Sometimes thrilling, sometimes daunting, but certainly never dull—such is the prospect of a website redesign. A bearer of branding, lure of leads and caller of customers, the website almost always lies at the heart of a company’s online presence, fed by tributaries from ads, search engines and social media. With such importance placed on it, even a small change can have considerable effects. And with so many functions, there are almost innumerable possibilities for change.
This panoply of options is part of what makes redesigning a website so alluring—there’s always a question of “What if something else works better?” The pursuit of excellence is admirable, of course, but there are also several good reasons to put off the overhaul, such as users’ general aversion to change, and, well, the reasons you chose your website’s design in the first place.
This is not to say that change should be a medicine administered rarely and reluctantly—only that it should be administered after proper diagnosis. There are a number of good reasons to change a website, including some that you might have to heed even when you’re otherwise satisfied with your virtual presence. Read on for some of the main points to consider in website redesign.
Raising the Bar
Before redesigning your website—and this applies no matter what your final reason might be—you should have a goal. It might be growing site traffic, increasing your conversion rate, reducing your bounce rate, and so on. Seeing as many of these statistics affect each other, your goal will likely involve some composite of various factors. And since such goals aim for measurable adjustments, it’s necessary that you have reliable statistics before embarking on your redesign.
A site might be redesigned with aesthetic goals, but it’s good to pair these with more functional goals. Aesthetic elements are subjective, after all, and a site’s owner is more likely to tire of the design than the customer is—much like how a full-time shopkeeper would find a physical store more tiresome than a customer who’s there just an hour each week or so.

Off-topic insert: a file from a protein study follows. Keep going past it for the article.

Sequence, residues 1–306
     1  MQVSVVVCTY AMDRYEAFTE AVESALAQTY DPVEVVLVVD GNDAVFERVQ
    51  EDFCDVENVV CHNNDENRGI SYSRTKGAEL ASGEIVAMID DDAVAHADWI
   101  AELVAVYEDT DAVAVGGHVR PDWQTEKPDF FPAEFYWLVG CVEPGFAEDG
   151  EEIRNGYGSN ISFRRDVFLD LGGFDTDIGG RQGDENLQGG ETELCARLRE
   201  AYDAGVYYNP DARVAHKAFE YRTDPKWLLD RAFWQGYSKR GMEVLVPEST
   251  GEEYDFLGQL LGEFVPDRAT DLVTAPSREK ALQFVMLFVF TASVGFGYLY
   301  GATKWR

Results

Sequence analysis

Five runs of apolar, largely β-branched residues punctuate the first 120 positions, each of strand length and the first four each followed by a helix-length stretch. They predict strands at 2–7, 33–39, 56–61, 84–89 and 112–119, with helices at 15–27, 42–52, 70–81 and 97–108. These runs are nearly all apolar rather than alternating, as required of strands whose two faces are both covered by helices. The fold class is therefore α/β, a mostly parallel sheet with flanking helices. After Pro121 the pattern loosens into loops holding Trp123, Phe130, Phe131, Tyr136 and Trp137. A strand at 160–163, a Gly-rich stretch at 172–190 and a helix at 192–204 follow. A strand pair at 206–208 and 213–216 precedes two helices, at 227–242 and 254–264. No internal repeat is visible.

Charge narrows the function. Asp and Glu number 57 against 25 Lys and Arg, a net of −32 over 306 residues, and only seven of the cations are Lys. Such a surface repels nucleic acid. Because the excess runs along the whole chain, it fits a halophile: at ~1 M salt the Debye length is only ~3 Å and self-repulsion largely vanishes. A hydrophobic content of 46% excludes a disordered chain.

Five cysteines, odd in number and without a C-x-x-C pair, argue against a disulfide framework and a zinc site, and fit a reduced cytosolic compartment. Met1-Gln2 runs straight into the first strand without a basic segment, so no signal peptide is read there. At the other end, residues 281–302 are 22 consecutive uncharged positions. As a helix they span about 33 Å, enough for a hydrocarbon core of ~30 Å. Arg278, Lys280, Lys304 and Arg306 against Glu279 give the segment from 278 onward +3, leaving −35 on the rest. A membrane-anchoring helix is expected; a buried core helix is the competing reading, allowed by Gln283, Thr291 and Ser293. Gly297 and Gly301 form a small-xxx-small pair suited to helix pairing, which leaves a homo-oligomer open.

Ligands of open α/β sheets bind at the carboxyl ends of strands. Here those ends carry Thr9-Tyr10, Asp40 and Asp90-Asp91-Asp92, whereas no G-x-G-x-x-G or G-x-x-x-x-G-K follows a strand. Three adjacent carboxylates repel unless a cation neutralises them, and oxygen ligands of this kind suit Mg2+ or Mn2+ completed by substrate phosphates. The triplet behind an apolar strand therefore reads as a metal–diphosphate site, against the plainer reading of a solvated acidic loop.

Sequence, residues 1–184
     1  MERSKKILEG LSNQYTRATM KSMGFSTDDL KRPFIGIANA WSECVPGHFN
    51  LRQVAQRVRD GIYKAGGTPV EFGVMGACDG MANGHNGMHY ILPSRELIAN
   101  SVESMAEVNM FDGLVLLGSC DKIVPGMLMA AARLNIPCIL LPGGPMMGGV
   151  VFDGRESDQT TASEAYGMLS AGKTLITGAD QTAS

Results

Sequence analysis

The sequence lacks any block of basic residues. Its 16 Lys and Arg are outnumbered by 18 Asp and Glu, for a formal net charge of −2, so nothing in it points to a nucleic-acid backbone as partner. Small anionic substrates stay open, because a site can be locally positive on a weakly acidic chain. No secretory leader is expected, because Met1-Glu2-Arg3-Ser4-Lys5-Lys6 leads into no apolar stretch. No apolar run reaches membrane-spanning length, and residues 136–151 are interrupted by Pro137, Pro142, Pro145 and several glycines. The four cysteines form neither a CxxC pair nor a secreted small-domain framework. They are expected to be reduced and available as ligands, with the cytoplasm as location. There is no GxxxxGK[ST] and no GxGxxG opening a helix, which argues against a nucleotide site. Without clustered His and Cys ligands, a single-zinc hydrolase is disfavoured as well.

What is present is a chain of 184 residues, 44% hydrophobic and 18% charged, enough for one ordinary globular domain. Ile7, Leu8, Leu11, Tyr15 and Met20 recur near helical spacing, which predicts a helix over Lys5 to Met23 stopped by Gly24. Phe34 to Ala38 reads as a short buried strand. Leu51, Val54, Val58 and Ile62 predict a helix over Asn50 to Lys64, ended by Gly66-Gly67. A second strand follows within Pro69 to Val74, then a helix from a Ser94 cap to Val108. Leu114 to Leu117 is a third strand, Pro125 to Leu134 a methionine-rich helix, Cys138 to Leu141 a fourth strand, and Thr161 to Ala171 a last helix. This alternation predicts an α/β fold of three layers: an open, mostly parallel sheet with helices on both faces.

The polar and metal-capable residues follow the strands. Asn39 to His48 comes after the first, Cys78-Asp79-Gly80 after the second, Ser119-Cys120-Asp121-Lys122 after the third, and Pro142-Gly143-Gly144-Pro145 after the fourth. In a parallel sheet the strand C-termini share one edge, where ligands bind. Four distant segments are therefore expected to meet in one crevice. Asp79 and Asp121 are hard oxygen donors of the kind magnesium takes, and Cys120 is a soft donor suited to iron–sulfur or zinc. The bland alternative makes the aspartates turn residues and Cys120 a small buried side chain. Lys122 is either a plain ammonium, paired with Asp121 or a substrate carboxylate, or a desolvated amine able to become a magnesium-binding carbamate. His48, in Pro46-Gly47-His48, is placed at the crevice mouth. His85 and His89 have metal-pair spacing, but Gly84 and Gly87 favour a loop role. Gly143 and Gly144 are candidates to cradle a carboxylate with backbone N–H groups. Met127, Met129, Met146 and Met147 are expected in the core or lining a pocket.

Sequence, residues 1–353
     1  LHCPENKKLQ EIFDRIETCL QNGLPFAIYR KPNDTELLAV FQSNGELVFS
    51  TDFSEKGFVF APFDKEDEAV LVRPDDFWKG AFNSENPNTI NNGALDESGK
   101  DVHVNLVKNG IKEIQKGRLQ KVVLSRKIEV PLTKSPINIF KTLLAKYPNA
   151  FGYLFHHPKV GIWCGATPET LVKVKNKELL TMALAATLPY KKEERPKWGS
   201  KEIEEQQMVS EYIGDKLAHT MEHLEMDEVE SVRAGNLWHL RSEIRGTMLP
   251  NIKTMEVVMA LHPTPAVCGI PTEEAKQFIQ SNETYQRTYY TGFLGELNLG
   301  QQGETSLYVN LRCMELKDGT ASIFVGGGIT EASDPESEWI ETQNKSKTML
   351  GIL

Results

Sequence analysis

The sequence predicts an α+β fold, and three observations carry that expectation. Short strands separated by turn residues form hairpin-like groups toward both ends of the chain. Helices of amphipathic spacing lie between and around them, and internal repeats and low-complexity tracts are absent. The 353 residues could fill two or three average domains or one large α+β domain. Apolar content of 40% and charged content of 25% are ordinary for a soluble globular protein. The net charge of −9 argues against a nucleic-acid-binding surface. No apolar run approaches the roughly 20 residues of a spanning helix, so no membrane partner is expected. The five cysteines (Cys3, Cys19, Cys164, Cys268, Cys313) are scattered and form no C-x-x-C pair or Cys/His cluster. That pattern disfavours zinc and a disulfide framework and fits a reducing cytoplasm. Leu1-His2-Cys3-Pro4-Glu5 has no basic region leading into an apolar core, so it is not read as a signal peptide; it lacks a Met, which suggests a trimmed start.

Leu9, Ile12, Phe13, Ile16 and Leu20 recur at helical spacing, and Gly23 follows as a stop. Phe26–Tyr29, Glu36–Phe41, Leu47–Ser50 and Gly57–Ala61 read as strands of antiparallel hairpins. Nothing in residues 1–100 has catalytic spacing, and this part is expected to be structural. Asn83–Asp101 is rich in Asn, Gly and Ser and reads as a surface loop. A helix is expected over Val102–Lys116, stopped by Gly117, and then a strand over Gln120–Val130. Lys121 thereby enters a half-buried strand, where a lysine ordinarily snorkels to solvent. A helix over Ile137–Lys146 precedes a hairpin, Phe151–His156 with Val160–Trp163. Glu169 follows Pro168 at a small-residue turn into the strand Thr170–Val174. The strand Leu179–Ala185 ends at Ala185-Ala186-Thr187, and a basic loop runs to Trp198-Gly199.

Your site’s purpose might change from time to time, reflecting changes in your broader marketing or online strategies. This change might be an addition of features or a removal of some. It is important, therefore, to regularly affirm whether your website’s goals and key indicators are aligned with its function in your broader plans—if not, you may need to update them, and along with that, alter the website itself.
Conversely, the website may have adapted to suit your evolving strategy by adding functions, sections, content and more. And while incremental expansion or alteration is good to avoid alienating old users, it can—and often does—lead to bloat and convolution. A comprehensive website redesign that integrates features into a more cohesive, intuitive whole will benefit users in the long run, and improved website experience is likely to redound to your business’ benefit.
People view web pages around half as often on mobile devices as they do on desktops and laptops—but the percentage of views on mobile is growing, while more traditional computers are seeing their share decline. Add to this the prioritization on search engines of mobile responsive websites, and benefits of responsiveness are clear as day. If your website is not yet mobile responsive, addressing the issue should be one of your top concerns.
Changing or Updating Tools
Most business websites rely on a number of third-party tools to fulfill certain functions. Virtual tools, like their material counterparts, can lose their edge over time. If key tools in your website are no longer meeting expectations and you choose to adopt new ones, a redesign may help in better integrating them. The more central those tools are to the site’s function, the more an redesign should be considered.
The Competition has Changed
You don’t need to match every rival’s redesign with one of your own, but if a major competitor is making strides, it may be worth examining their newfound strengths and mixing these with your own ideas for improving. This is especially true if your competition’s website changes gave them significant boosts in areas you also wanted to grow in.
As Part of an Ongoing Strategy
Not all redesigns are radical overhauls. In fact, most changes in your website design should be gradual and incremental, so that returning customers are not shocked to find once-familiar pages all of a sudden impenetrably confusing. When possible, limit changes to a few pages, or a few elements across pages, and see how these work. Rolling out changes gradually minimizes risk and allows you to measure results reliably in a more or less controlled environment.
If you’re thinking of redesigning your website and looking for an agency to do it, schedule a consultation call with our team of experts and see how you can find a team in line with your business objectives.